Congressional Democrats quickly rallied around and passed President Biden’s “American Rescue Plan” (ARPA) proposal, notching early healthcare wins with a two-year expansion of Affordable Care Act subsidies, among other things. But the president and Democrats now face a more complicated set of political and policy decisions around what healthcare reforms they should seek as they begin a new push for wide-ranging infrastructure legislation. Still, some form of Democrats’ sweeping drug pricing reforms could land in a final bill.
With an evenly divided Senate and a narrow Democratic majority in the House, Democrats are assessing whether to try for a bipartisan effort on an infrastructure package instead of using the budget reconciliation process that enabled passage of ARPA without Republican support. Republicans, however, appear unlikely to support the effort – or any of Democrats’ desired health policy changes -- making a second reconciliation bill likely.
Because of the tight margins in Congress and the possibility of using budget reconciliation rules to avert a Republican filibuster in the Senate, many Democrats see an infrastructure package as their last, best chance to advance their health policy priorities this year. Agreement within the party on what those priorities should be, however, will be hard to achieve.
Among moderate Democrats, there’s more appetite for making permanent the expansion of ACA subsidies just enacted in ARPA, rather than pursuing more progressive goals such as a government-run public option plan to compete with private plans or Medicare for All. Both of these proposals face an uphill climb, with uncertain support from conservative Democrats in both chambers (Democrats couldn’t afford a single defection in the Senate), and fierce opposition from the healthcare industry.
Legislation to control drug prices, however, stands a real chance of advancing in an infrastructure package under the reconciliation process for at least one simple reason: it could potentially raise substantial revenue to help pay for other priorities.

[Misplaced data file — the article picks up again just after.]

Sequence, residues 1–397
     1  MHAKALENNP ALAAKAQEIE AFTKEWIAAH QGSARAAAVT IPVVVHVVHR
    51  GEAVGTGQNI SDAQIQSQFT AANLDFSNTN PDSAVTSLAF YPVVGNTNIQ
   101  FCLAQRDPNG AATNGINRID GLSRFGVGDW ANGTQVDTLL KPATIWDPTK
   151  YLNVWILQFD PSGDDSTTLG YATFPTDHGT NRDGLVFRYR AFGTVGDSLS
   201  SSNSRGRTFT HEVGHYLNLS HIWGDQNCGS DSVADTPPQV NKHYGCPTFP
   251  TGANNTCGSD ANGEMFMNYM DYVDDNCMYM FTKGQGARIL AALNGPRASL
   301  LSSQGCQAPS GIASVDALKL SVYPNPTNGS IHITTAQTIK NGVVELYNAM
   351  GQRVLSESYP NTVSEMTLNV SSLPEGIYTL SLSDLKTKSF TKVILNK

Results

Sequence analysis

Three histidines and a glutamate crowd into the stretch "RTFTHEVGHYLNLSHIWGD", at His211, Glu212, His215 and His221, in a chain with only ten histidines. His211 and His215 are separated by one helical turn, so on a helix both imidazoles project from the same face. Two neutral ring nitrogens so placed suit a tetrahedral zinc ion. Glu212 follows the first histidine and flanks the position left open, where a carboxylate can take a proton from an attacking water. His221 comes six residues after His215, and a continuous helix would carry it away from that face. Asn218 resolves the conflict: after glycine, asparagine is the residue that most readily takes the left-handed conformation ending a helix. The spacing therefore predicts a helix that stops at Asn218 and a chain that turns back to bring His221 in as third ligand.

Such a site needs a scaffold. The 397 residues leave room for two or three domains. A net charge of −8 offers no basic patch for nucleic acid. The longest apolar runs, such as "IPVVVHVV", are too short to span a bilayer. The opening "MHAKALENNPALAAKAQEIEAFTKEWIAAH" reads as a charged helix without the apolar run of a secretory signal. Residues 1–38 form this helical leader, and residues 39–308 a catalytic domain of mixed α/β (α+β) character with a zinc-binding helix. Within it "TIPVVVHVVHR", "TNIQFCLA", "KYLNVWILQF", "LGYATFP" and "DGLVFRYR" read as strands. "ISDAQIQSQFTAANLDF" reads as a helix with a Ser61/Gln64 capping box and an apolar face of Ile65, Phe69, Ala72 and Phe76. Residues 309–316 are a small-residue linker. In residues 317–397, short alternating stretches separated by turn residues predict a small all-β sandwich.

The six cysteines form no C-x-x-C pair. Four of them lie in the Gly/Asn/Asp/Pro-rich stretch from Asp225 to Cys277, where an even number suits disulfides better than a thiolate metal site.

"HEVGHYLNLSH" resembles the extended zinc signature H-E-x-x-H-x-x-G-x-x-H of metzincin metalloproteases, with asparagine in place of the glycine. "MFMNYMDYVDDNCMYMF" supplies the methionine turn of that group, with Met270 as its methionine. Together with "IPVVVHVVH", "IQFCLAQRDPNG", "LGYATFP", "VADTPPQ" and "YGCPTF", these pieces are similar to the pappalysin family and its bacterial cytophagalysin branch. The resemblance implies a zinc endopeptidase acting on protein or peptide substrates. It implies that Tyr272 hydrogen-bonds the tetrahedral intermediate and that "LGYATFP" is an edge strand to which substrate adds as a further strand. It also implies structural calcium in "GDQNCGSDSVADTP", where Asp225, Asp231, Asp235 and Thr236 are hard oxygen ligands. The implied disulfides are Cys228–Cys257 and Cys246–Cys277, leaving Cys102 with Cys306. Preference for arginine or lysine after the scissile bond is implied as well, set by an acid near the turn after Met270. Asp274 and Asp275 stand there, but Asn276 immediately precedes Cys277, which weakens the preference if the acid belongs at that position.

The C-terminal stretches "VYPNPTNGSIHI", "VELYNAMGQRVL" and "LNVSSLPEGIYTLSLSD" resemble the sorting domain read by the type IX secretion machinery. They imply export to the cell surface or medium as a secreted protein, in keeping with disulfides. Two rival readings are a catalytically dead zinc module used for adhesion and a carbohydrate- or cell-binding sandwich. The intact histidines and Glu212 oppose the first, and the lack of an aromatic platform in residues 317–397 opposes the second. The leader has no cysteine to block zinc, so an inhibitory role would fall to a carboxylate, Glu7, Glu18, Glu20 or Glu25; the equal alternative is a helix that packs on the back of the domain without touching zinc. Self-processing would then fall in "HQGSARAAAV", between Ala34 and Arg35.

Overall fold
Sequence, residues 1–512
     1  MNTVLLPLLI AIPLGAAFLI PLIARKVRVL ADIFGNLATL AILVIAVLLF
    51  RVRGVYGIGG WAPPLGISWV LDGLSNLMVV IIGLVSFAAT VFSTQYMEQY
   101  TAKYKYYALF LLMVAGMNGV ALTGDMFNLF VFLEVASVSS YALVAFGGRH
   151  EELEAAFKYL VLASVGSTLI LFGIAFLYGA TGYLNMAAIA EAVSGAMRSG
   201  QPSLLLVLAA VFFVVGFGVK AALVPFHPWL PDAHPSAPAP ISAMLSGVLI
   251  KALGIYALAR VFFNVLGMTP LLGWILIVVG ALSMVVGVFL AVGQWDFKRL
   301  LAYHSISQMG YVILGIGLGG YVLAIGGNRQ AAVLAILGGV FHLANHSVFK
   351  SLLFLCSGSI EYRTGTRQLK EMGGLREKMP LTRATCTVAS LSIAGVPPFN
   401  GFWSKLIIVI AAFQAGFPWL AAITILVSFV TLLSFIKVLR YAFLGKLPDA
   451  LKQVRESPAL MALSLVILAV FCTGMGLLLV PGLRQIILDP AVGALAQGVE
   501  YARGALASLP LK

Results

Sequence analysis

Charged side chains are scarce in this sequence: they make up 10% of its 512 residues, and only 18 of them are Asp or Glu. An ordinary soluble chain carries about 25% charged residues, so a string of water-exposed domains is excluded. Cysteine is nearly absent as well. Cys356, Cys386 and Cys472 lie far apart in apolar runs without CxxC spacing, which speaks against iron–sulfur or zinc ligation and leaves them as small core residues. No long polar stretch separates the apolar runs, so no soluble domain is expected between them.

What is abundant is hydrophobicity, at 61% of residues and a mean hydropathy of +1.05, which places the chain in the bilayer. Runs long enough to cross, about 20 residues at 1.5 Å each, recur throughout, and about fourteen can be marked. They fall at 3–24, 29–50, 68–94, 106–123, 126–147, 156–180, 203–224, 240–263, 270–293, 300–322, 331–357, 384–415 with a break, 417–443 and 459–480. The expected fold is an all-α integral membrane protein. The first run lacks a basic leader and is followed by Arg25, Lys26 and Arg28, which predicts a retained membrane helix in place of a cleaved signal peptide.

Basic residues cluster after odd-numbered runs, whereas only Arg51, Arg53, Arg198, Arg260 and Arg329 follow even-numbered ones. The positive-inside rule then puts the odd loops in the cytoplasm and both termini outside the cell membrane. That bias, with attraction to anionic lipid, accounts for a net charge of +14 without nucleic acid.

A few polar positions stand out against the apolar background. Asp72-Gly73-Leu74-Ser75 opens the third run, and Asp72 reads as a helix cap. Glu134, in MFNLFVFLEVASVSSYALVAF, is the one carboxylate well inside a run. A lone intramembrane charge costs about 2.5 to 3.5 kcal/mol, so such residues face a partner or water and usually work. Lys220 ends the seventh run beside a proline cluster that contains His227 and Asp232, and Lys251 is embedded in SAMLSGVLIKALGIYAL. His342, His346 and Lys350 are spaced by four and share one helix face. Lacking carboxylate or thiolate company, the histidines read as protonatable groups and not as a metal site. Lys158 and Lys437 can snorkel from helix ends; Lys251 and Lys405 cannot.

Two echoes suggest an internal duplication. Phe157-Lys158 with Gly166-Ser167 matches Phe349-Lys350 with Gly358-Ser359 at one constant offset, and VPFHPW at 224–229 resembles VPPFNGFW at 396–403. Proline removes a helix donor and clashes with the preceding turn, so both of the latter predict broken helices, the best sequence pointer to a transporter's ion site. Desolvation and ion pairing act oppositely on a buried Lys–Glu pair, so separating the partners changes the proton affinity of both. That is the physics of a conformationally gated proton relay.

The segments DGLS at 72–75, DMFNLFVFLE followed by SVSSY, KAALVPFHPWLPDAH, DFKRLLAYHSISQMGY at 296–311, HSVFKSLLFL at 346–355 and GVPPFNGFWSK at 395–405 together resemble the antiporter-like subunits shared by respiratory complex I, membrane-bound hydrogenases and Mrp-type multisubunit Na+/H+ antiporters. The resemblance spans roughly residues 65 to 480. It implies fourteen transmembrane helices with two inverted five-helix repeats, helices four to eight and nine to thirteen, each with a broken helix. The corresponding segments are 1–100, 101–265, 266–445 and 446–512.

The drug pricing debate heated up this week at a Senate hearing led by Senator Bernie Sanders, I-VT, who chairs the Budget Committee and is a former Democratic presidential candidate. Sanders also joined with other lawmakers in both chambers to reintroduce three bills to allow Medicare to negotiate on drug prices, permit individuals to import drugs from abroad, and allow the Health and Human Services secretary to void patents if a drug price exceeds the median rate in other wealthy countries.
Allowing Medicare to negotiate prescription drug prices was included in House Democrats’ major drug pricing legislation (HR 3) last Congress, but was never brought up in the Republican-led Senate. The bill would have required Medicare to negotiate for the 50 most expensive drugs and implement a ceiling price based on rates paid in other wealthy countries. A drug manufacturer would be required to offer the negotiated price to “group” and “individual” market plans. The bill would also have imposed penalties on manufacturers that increase prices faster than inflation. The Congressional Budget Office (CBO) estimated the bill would result in a 10-year savings of roughly $450 billion for Medicare and more $12.3 billion for private health insurance.
New Senate Finance Committee Chairman Ron Wyden, D-OR, teamed with Sen. Chuck Grassley, R-IA, in the last Congress on narrower legislation approved by the Committee that would have imposed a similar inflation penalty on Medicare drugs. That measure would have raised about $95 billion, according to the CBO. Wyden says a new version of the bill might also include a provision allowing Medicare to negotiate drug prices.
The proposed inflation rebate in both earlier bills applied only to Medicare, however, adding to concerns that drug pricing reforms that only target public plans could shift costs to employer plans. With significant action on prescription drug pricing likely coming soon, plan sponsor organizations will continue to advocate for policies that bring lower costs for both public and private plans.